Re: [asa] on science and meta-science

From: Iain Strachan <>
Date: Tue Nov 10 2009 - 08:19:11 EST

On Mon, Nov 9, 2009 at 10:40 PM, Keith Miller <>
wrote (inter alia)
 Secondly, human
> causal agents are NOT the same as divine agents.  This is a very important
> distinction.  Humans are causal agents that we can directly observe and
> study.  Other organisms are also similar agents (we can study the purposive
> behavior of animals and identify their past actions).   We cannot study God
> through scientific methods.

I think this is a very important point to make. When we infer design
of, say a watch, or a piece of architecture, we already know
independently that such designers exist - our inference is whether the
object of interest was indeed designed by one of these designers that
are known about. However, it seems to me that in ID, one is inferring
the existence of the Designer as well as inferring Design, because the
"evidence" of design is taken to be evidence of the existence of the
designer. But we don't need that final step with a watchmaker, or an
architect - we had independent evidence before. Keith mentions the
"argument from ignorance", which often folks take exception to. But
it goes like this: "I don't believe nature can do this unaided, so it
must be designed". But in the case of a piece of architecture, one is
not in a position of ignorance. I've seen something like this before,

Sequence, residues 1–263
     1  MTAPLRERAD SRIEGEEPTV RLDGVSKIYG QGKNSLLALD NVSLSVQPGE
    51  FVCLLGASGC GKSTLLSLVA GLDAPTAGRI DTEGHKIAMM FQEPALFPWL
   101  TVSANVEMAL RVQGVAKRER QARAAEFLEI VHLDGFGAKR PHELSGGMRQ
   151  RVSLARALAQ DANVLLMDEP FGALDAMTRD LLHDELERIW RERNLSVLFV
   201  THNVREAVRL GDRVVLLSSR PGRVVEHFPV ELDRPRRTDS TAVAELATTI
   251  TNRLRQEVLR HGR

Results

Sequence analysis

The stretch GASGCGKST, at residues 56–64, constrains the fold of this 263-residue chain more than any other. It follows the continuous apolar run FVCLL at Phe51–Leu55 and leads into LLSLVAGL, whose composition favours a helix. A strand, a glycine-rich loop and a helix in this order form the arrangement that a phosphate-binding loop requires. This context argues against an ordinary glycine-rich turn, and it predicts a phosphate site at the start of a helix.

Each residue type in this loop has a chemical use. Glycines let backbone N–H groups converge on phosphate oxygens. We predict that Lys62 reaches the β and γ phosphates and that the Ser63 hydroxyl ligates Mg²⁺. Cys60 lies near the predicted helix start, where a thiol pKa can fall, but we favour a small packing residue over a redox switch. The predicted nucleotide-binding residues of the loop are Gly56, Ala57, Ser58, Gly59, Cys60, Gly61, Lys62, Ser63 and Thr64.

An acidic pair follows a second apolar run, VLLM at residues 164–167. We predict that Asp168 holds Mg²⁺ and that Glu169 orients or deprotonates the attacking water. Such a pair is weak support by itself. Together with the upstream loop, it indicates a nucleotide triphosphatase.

and I met the architect who designed it. So I think it's a fair bet
that he or another architect designed this one.

Furthermore, God is unconstrained and can
> accomplish any logically possible end.  As I have argued on other threads in
> this forum, to be meaningful as a causal agent in science,  the capabilites
> of an agent must be constrained.  Otherwise an appeal to such an agent is
> identical to an appeal to ignorance.

This and the point above succinctly summarise my own problems with
Intelligent Design. If one just says "it must have been Designed"
then there is no constraint on the capabilities of the Designer. To
use an example from maths that I have used before. Suppose I have N
observations X at N different times T. Then mathematically I can
always construct a polynomial function that exactly predicts the value
of X for each of the N times T. All I need to do is fit a degree N-1
polynomial function (a0+a1.t + a2.t^2 + .... a(N-1)t^(N-1)). But to
do this says absolutely nothing interesting about my data because it
can be done for ANY set of N points. However, if I say that the set
of N data points is accurately modelled by a quadratic (ie degree 2)
polynomial, then I have said something of value, because not all
datasets can be modelled in this way.

Although, as Cameron has pointed out "design" and "miracle" are not
the same thing, they nonetheless have one important feature in common.
 They can both be invoked to explain absolutely anything. Hence they
explain nothing; just like my unspecified order polynomial explains


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Received on Tue Nov 10 08:19:42 2009

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